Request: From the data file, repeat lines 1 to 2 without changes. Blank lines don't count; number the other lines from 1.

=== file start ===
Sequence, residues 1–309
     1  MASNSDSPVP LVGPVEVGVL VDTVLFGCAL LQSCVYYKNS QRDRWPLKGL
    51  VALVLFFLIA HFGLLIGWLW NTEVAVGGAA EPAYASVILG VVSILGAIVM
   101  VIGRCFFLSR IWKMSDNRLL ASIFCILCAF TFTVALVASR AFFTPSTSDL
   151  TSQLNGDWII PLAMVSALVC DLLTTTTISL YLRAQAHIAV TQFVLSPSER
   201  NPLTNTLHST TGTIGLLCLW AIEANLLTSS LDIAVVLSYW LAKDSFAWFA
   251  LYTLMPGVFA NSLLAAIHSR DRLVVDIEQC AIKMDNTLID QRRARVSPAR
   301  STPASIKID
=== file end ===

Sequence, residues 1–309
     1  MASNSDSPVP LVGPVEVGVL VDTVLFGCAL LQSCVYYKNS QRDRWPLKGL